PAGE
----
Australia Study: 70 Percent of Women Seeking Abortions Used Contraception
by Steven Ertelt
June 9, 2008
Canberra, Australia (LifeNews.com) — Abortion advocates say the use of contraception is an excellent way to reduce the number of abortions and have demanded that taxpayers fund more contraception efforts. However, a new Australia study shows two-thirds of the women seeking abortions did so because their contraception failed.
The study included 3,400 women who went to an abortion business in Adelaide over the course of a decade.
Conducted by Flinders University professors Wendy Abigail, Charmaine Power and Ingrid Belan, it found 70 percent of the women seeking abortions used birth control.
About 36 percent of the women and their partners used condoms to prevent pregnancy, another 28 percent used hormonal methods such as the birth control pill and three percent were relying on natural family planning.
Although the study makes it appear women still become pregnant and rely on abortions when contraception fails, the authors spun the results to the Adelaide Now newspaper by saying it proved abortion isn’t used as a method of birth control.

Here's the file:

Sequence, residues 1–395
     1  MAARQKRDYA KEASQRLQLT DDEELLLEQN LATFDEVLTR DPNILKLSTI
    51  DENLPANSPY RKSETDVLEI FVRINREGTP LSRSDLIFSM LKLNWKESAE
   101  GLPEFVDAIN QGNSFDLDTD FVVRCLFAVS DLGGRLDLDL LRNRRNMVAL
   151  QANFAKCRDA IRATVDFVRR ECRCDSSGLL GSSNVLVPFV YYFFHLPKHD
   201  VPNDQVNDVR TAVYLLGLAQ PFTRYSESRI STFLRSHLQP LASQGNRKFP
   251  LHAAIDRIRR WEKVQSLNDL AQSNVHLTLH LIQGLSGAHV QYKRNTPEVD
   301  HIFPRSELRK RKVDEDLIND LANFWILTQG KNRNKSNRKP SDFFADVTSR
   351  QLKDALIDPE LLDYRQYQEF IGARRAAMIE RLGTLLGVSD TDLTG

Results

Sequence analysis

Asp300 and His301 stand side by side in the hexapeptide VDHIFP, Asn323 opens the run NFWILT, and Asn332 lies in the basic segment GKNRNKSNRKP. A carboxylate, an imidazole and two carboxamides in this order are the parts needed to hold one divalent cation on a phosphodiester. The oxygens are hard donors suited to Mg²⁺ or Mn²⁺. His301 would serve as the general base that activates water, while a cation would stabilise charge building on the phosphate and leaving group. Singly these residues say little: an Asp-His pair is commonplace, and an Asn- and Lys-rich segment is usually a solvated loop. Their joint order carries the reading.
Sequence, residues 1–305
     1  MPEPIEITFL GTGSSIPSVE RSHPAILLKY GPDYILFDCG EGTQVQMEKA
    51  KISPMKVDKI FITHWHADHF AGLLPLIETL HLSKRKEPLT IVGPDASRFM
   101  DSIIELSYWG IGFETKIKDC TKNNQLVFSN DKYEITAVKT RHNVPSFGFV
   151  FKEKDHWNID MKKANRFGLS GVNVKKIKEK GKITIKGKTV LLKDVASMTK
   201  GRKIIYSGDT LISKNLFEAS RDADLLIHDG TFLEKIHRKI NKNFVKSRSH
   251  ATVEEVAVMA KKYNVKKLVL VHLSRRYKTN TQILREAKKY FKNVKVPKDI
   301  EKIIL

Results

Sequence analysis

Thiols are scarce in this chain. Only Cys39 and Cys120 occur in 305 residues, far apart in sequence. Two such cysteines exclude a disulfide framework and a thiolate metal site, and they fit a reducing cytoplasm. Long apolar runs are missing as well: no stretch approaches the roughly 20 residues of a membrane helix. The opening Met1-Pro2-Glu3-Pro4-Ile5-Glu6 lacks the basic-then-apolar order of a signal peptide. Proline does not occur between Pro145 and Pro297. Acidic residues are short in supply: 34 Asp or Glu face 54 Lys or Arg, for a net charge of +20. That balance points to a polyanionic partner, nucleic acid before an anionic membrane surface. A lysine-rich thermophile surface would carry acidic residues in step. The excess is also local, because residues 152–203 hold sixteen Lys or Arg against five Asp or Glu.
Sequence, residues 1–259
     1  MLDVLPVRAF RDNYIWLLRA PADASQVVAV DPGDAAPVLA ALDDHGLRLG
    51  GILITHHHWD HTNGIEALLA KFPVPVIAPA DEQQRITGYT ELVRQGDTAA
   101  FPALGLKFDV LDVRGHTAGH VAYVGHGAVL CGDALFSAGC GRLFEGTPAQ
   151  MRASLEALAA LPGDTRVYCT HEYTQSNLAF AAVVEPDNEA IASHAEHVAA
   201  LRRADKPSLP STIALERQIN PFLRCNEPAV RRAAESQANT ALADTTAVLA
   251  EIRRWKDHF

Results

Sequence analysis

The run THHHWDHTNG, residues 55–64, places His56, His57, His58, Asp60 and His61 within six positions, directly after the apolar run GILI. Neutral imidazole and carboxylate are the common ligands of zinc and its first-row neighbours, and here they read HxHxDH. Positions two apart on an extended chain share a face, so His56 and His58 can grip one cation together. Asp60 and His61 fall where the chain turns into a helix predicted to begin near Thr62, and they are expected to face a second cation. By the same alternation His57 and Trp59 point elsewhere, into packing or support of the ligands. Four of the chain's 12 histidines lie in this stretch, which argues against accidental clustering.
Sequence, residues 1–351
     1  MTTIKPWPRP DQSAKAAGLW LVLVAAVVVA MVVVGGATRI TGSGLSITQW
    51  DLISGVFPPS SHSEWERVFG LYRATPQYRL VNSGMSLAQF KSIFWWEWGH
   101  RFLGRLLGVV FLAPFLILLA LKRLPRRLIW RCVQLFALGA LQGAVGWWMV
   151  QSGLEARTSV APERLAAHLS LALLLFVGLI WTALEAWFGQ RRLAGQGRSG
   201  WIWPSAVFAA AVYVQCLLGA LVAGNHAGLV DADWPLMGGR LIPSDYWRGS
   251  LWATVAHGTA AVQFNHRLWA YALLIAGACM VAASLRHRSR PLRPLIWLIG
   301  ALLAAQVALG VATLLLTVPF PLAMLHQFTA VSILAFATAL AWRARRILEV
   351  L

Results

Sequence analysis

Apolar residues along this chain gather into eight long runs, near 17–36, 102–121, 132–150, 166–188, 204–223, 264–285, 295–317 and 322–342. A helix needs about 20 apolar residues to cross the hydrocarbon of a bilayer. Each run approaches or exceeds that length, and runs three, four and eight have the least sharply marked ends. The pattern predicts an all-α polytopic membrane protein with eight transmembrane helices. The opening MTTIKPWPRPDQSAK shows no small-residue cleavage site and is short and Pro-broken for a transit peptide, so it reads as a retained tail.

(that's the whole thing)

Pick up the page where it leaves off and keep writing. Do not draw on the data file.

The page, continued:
"It is often reported in the media that women are irresponsible with contraception usage and that pregnancy terminations are used as a form of contraception," they said. "The majority of women in this study used some form of contraception at the time of conception."
The study will be published in the Australian and New Zealand Journal of Public Health.
It also found a significant increase in the number of women aged 30 to 50 who are having abortions — mirroring a trend in the United States.
While younger women more often account for abortions, older women experiencing an unplanned and unwanted pregnancy are more frequently having abortions when they are through having children.